Many Americans find the wonderful game of cricket too complex and long winded. But it turns out this Brit invention accounts for the success of UN peacekeeping around the world.
I confess my own cricketing skills are weak. My bowling is devastatingly fast but no more accurate than a Russian ICBM, and my batting is similar – I either hit boundaries, or miss.
Gandalf Junior extended this inadequacy, gaining a school report that said “He Makes a Mockery of the Game of Cricket”.
Still, a first class match is a pleasure to watch, demonstrating advanced strategy, tactics, athleticism, and courage. International matches are painful, since England almost invariably loses.
Anyway, here’s the legacy:
Some 40 percent of UN peacekeeping troops come from South Asia, and the UN wishes it could get more. Currently India, Pakistan and Bangladesh each contribute about 10,000 troops to UN peacekeeping efforts…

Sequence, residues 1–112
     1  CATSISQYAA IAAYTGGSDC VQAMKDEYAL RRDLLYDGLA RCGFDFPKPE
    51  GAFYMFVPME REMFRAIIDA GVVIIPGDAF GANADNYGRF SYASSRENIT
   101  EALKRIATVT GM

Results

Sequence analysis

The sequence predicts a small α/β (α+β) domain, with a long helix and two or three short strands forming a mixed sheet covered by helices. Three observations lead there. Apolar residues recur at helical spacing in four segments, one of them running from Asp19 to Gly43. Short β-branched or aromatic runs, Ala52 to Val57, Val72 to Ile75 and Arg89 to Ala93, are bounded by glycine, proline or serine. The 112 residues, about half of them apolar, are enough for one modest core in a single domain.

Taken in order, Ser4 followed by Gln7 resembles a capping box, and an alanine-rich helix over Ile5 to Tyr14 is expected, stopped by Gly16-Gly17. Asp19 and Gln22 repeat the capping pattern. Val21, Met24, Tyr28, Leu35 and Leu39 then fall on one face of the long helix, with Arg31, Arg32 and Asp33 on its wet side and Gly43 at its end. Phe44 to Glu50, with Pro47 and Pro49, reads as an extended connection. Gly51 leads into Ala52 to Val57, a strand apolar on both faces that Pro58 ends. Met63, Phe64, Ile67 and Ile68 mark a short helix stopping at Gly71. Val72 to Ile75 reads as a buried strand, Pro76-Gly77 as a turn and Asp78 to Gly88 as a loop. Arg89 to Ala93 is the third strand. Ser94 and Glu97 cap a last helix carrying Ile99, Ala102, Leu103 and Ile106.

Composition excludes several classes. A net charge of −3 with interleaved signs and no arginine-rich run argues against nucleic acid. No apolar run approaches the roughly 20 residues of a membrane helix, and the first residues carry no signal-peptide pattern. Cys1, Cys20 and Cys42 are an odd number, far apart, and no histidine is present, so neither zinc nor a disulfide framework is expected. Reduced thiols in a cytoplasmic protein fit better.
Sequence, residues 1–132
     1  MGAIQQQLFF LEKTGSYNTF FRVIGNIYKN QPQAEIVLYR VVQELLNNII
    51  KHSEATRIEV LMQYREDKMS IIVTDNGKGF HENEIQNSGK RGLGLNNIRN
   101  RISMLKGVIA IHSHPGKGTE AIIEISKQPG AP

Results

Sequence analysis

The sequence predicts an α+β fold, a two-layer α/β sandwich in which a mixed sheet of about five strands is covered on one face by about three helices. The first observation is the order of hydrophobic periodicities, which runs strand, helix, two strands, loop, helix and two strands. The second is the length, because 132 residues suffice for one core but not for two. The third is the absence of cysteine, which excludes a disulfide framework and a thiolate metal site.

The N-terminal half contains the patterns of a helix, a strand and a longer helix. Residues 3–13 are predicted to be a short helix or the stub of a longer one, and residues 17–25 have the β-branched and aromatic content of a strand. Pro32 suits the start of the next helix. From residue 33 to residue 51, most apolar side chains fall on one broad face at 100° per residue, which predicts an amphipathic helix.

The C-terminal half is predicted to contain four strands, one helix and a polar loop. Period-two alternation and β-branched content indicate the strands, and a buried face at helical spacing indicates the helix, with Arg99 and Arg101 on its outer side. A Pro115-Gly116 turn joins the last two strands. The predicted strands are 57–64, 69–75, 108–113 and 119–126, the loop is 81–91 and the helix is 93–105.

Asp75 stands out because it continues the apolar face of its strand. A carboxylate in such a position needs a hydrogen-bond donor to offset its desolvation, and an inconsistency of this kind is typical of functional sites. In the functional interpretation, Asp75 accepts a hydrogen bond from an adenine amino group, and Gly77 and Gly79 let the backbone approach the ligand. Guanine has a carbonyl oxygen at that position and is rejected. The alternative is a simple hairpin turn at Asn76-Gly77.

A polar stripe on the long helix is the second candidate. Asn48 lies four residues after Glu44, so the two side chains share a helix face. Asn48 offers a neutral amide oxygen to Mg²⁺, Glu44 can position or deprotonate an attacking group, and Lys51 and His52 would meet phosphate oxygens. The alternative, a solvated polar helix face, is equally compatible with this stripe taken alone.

The South Asian troops are noted for their discipline and skill in combat, and talent for the less violent aspects of peacekeeping…
But you never have to worry about the South Asian troops. They are always ready. One reason for that is a competitive spirit. The three nations have mutual antagonisms, and sporting rivalries (especially cricket), so none of them wants to be accused of making a poor showing while on peacekeeping duty.
I suspect the peacekeeping skills themselves stem from the essence of cricket – standing still while someone hurls a rock-solid ball directly at your head at a speed of 100 MPH. That’s how schoolboys play the game, and several of my friends lost many teeth as a result. That’s perfect training for steadiness under fire (or learning how to duck).
I suspect England tends to lose these days because its kids are now nannied with face protectors and body armor.
Anyway, the UN would work a lot better if its membership was restricted to nations that play cricket.
And baseball, of course.